Dr. Muszyński is an Associate Research Scientist at the CCRC. He received his M.Sc. degree and his Ph.D. degree in Biology from the University of Silesia, Katowice, Poland, in 1999 and 2004 respectively. In 1998 he was awarded two semesters of Socrates Erasmus scholarship to study advanced biochemistry and microbiology at the Faculty of Science and Department of Microbiology, Aarhus University, Aarhus, Denmark. In 1999 and 2003 he was a visiting scientist at the Research Center Borstel, Leibniz-Center for Medicine and Biosciences Borstel, Germany in the laboratory of Prof. Otto Holst. As a Ph.D. candidate, Dr. Muszyński conducted research on characterization of lipopolysaccharides from pathogenic Yersinia enterocolitica O:3 under supervision of Prof. Dr. Joanna Radziejewska-Lebrecht and Prof. Dr. Otto Holst. In 2005 he joined the group of Dr. Russell Carlson at the Complex Carbohydrate Research Center, University of Georgia for his postdoctoral studies. Currently Dr. Artur Muszyński is an Associate Research Scientist faculty member at the CCRC successfully working on determining the chemical and structural properties of bacterial cell surface glycans and glycolipids including lipopolysaccharide (LPS), lipid A, capsular polysaccharide (CPS), and extracellular polysaccharides (EPS), and other bacterial glycans and elucidating their biological roles in host-microbe interactions. He is also involved in multiple collaborative projects with academia and industry. In addition to his research Dr. Muszyński’s supervises undergraduate students introducing to world of microbial glycobiology.
The outer leaflet of the outer membrane of the gram-negative bacterial cell envelope is built of lipopolysaccharide (LPS). The LPS consists of three distinct structural regions; a rather conserved lipid A, a more variable core oligosaccharide (OS), and an even more variable O-antigen polysaccharide (OPS). These regions are known to play important roles in interacting with the defense mechanisms of the host cells. In addition LPS, as well as capsular polysaccharides (CPS) and bacterial extracellular polysaccharides (EPS) are essential for protecting bacteria from environmental stress and in symbiotic interactions.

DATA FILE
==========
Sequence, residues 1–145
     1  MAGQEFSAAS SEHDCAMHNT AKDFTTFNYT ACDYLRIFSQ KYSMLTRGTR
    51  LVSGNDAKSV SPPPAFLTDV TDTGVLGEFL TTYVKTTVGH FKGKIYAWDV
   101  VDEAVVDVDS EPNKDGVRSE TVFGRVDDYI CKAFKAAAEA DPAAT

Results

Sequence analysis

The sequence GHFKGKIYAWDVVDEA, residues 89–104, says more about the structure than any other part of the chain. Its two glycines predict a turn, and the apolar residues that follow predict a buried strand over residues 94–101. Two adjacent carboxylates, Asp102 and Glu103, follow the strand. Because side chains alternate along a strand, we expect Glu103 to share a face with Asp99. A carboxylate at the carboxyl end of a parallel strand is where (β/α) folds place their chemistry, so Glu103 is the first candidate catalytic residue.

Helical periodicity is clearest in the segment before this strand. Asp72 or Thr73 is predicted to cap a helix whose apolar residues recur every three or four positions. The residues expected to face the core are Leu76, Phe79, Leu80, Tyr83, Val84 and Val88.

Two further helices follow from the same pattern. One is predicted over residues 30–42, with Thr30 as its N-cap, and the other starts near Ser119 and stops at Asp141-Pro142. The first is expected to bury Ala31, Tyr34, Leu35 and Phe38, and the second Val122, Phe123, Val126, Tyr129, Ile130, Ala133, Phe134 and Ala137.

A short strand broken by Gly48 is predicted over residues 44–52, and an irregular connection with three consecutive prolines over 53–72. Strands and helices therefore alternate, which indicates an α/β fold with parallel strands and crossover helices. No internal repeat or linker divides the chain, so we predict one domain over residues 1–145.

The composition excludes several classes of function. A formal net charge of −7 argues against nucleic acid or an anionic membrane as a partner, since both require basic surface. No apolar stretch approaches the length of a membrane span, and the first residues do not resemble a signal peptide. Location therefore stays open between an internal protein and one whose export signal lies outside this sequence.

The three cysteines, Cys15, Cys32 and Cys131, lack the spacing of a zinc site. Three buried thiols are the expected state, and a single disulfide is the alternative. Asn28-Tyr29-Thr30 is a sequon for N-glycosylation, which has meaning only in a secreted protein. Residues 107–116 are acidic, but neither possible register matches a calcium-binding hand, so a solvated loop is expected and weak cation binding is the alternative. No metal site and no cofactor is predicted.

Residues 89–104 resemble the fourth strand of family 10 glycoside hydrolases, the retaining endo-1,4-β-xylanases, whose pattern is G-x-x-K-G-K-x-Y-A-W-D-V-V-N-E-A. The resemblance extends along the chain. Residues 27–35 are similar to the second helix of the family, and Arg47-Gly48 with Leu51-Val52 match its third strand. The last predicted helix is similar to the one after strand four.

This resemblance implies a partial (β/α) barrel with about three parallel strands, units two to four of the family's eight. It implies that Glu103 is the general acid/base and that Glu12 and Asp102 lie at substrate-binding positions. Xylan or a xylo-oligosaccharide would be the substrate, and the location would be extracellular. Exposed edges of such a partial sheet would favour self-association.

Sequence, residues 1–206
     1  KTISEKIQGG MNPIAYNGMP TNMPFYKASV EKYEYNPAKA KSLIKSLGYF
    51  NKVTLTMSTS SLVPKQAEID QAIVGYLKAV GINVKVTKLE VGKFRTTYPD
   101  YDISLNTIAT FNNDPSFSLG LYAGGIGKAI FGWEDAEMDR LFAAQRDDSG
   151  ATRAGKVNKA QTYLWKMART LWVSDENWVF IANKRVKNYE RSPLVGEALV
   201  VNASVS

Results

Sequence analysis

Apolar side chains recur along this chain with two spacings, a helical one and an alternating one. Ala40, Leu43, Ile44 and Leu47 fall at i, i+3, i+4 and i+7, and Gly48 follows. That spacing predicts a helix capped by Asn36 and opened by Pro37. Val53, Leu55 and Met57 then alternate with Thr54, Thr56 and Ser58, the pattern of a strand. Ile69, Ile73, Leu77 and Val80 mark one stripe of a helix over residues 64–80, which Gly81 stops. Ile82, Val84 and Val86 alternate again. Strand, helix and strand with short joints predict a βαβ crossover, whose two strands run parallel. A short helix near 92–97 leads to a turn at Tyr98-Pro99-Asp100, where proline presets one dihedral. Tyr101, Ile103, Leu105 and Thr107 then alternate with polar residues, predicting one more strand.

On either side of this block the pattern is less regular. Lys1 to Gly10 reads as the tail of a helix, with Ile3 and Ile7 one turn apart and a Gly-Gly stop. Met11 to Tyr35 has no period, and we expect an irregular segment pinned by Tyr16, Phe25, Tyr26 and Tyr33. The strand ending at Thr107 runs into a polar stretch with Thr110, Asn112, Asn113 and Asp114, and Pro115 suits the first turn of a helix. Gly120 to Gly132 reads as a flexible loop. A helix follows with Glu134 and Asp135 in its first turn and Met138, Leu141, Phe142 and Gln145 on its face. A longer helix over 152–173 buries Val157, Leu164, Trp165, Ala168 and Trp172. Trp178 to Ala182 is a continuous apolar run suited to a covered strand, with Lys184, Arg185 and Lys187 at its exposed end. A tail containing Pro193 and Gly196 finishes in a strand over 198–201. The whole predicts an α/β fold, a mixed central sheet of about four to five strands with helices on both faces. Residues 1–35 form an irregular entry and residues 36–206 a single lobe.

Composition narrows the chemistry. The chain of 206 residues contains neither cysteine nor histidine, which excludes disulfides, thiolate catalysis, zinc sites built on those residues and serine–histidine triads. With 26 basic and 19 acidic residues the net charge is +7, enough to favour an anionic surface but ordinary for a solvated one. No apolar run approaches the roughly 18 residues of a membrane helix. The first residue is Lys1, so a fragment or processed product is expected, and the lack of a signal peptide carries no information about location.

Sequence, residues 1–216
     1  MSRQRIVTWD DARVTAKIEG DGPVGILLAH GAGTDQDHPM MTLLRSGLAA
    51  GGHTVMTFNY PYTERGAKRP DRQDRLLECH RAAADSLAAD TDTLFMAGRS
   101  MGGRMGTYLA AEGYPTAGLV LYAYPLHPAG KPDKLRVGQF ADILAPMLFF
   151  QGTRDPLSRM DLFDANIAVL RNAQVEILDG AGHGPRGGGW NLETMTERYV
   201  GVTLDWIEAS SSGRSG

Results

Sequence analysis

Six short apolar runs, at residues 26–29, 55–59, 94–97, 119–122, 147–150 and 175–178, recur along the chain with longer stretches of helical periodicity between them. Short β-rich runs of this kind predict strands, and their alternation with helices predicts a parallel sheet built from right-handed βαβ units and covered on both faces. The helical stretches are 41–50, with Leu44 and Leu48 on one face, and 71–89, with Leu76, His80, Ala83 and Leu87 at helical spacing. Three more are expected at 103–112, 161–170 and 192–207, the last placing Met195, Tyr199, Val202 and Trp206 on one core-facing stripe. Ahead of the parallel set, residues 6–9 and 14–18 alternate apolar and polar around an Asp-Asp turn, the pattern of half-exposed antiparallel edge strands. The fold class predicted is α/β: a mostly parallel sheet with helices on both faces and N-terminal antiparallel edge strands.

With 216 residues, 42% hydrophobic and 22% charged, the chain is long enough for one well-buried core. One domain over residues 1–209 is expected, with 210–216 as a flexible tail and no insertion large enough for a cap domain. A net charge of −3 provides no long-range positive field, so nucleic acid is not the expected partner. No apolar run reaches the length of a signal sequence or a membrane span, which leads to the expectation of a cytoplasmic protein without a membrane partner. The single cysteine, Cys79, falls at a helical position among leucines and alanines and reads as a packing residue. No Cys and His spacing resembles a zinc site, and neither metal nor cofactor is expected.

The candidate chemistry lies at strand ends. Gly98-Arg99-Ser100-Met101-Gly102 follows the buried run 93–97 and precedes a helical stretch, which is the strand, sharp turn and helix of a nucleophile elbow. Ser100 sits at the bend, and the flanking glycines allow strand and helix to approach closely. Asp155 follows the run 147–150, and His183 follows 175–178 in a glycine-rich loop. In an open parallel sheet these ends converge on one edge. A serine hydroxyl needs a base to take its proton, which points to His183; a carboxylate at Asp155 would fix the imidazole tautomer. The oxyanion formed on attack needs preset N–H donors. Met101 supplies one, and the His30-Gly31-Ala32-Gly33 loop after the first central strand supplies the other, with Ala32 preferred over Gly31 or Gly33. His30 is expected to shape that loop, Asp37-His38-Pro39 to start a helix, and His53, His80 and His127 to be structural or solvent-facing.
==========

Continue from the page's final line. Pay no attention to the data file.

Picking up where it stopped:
Determination of chemical and structural properties of these glycan and glycolipid macromolecules is critical in understanding the mechanisms of the host-microbe interactions and, in the case of pathogenic bacteria, in searching for good vaccine candidates. Through past years of my work I was involved in studies on LPS or lipid A from pathogenic, Pseudomonas aeruginosa, Neisseria meningitidis, Neisseria gonorrhoeae, Francisella novicida, Fancisella tularensis, Moraxella catharrhalis, Yersinia pestis, Yersinia enterocolitica, Bulkholderia multivorans, Helicobacter pylori, Campylobacter jejuni, Xyllela fastidiosa, Rimerella antipestifer, Granulibacter bethesdensis and nitrogen fixing Rhizobium leguminosarum, Rhizobium galegae, Sinorhizobium meliloti, Rhizobium etli, Mesorhizobium loti, Herbaspirillum seropedicae, and on peptidoglycan in Micrococcus lutes and Neisseria sp.
My current research projects involve studies on structural and biological properties of Mesorhizobium loti EPS, roles of polysaccharides in biofilm formation, in pathogenic Campylobacter jejuni and Helicobacter pylori, and biochemical studies on lipopolysaccharide of Bradyrhizobium japonicum and its role in legume symbiosis.
These studies utilize various techniques used in biochemistry and microbiology laboratories and analytical techniques, particularly chromatography and mass spectrometry (GPC, GLC-MS, CI-MS, HPLC, TLC, ESI-MS, MALDI-TOF and TOF-TOF MS) and NMR spectroscopy.